Chip-scale Broadband Mid-IR Chemical Sensors Using Silicon Waveguides

Technology #16158

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 FIG. 1A is a perspective diagram of an exemplary air-clad, silicon pedestal waveguide suitable for mid-infrared (mid-IR) sensing with a waveguide width w, a waveguide height h, a pedestal height s, and a pedestal width d.  FIG. 1B is a diagram of the silicon pedestal waveguide of FIG. 1A used to sense organic molecules with an evanescent wave. FIG. 1C is an end-on view of an exemplary air-clad, germanium pedestal waveguide suitable for mid-IR sensing with a waveguide width w, a waveguide height h, a pedestal height s, a pedestal upper base width d1, and a pedestal lower base width d2.  FIG. 1D is a side view of the germanium pedestal waveguide of FIG. 1C.FIG. 2 is a schematic diagram of a chip-based mid-IR sensor that includes a semiconductor pedestal waveguide (e.g., the silicon pedestal waveguide of FIGS. 1A and 1B or the germanium pedestal waveguide of FIGS. 1C and 1D).FIGS. 3A-3F illustrate a process for fabricating silicon pedestal waveguides and splitters.
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Inventors
Professor Lionel Kimerling
Materials Science and Engineering, MIT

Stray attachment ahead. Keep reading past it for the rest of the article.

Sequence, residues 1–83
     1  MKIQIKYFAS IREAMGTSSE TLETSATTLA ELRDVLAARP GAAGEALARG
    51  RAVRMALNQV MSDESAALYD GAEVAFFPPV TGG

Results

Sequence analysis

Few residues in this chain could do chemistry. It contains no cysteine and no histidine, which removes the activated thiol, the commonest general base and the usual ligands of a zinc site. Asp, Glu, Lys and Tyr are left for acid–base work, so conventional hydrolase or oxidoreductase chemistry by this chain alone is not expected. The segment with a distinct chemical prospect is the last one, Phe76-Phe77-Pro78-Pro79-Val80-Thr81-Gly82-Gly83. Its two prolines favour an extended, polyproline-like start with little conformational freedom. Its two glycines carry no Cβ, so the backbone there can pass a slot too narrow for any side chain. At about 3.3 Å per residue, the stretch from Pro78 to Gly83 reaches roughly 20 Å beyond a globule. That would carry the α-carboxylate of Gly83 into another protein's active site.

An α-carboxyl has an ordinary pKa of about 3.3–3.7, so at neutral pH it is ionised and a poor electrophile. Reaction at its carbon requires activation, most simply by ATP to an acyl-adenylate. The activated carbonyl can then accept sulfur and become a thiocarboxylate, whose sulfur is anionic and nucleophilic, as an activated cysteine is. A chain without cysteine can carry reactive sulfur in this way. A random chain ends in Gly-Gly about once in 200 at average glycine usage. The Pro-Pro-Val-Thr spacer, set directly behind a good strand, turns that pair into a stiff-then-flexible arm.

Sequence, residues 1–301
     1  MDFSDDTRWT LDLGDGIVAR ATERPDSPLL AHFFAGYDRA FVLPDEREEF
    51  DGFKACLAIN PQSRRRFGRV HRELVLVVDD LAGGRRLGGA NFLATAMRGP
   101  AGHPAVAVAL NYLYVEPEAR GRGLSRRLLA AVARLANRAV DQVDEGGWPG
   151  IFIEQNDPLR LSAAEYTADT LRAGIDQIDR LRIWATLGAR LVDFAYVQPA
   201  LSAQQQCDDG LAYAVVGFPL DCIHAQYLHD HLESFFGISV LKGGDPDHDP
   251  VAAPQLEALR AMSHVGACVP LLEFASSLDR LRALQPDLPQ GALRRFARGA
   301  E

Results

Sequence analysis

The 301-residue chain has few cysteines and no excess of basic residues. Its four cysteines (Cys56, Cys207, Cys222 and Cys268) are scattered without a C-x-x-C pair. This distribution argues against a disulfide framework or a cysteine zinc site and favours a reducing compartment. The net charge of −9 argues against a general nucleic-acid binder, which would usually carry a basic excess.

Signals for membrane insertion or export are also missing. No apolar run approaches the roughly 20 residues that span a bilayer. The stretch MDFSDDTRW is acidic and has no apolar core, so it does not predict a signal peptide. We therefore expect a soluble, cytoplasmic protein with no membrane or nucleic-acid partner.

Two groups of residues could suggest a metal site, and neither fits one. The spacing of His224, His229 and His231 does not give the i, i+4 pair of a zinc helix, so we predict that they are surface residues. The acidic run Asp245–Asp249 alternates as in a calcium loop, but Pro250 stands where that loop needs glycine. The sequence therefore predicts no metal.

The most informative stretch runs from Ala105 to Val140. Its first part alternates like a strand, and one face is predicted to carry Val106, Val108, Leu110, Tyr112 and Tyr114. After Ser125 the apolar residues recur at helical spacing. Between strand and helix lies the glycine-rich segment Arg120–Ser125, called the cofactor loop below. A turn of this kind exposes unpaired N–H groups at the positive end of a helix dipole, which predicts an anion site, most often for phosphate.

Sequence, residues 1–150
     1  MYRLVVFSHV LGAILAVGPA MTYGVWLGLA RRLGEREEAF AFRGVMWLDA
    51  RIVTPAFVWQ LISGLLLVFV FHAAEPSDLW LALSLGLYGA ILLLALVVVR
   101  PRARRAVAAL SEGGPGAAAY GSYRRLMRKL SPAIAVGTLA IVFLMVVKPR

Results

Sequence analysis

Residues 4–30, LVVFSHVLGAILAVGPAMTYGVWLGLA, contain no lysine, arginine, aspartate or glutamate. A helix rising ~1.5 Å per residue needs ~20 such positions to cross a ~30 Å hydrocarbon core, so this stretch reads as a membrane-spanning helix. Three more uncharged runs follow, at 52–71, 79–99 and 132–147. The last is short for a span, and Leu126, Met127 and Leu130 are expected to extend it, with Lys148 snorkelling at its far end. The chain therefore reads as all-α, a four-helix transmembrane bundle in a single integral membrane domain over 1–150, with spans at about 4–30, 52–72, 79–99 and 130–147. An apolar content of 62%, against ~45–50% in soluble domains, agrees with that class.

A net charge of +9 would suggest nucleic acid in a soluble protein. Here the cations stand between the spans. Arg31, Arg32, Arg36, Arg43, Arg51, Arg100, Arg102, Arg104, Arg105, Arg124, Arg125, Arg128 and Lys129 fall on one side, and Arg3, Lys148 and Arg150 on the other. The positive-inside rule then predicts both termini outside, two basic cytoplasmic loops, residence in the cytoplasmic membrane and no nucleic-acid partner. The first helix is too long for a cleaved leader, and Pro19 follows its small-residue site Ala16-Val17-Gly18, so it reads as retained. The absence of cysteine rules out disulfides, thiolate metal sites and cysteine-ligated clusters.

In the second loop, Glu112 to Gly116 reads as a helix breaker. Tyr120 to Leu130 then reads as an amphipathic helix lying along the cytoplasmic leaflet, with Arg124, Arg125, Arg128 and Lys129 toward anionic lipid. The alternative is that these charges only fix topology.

External Link (photonics.mit.edu)
Pao Tai Lin
Materials Processing Center, MIT
Anuradha Agarwal
Materials Processing Center, MIT
External Link (photonics.mit.edu)
Managed By
Jim Freedman
MIT Technology Licensing Officer - Chemicals, Instruments, Consumer Products
Patent Protection

Methods and apparatus for mid-infrared sensing

US Patent 9,046,650
Publications
Chip-scale Mid-Infrared chemical sensors using air-clad pedestal silicon waveguides
Lab Chip, 2013,13, pp. 2161-2166

Applications

The Mid-IR pedestal Si waveguide sensor is applicable to broadband Mid-IR scanning, real-time trace chemical detection, concentration monitoring, and identification of organic compounds. It also provides a unique flat form for next generation spectrometer-on-a-chip.

Problem Addressed

Silicon-on-Insulator (SOI) waveguide structures suffer significant optical loss because their silicon dioxide under-cladding layer becomes absorbing 3.7 um. Specifically, conventional UV, visible and NIR sensors use weaker overtones of these fundamental chemical bands, which limits their practicality.

Technology

This invention is about a compact chip-scale air-clad silicon pedestal waveguide as a Mid-Infrared (Mid-IR) sensor capable of in situ monitoring of organic solvents. The sensor is a planar crystalline silicon waveguide, which is highly transparent between wavelengths of 1.3 μm and 6.5 μm, so that its operational spectral range covers most characteristic chemical absorption bands. To extend light transmission beyond the wavelength of  3.7 μm, a spectral region where a typical silicon dioxide under-clad is absorbing, we demonstrate a unique air-clad silicon pedestal waveguide. The sensing mechanism of the proposed Mid-IR waveguide sensor is based on evanescent wave absorption by functional groups of the surrounding chemical molecules, which selectively absorb specific wavelengths in the mid-IR, depending on the nature of their chemical bonds.

Advantages

·  Chemically and mechanically robust due to air-clad silicon

·  In situ identification of chemical compositions and concentrations of organic solvents

·  Ultra-compact and portable spectrometer-on-a-chip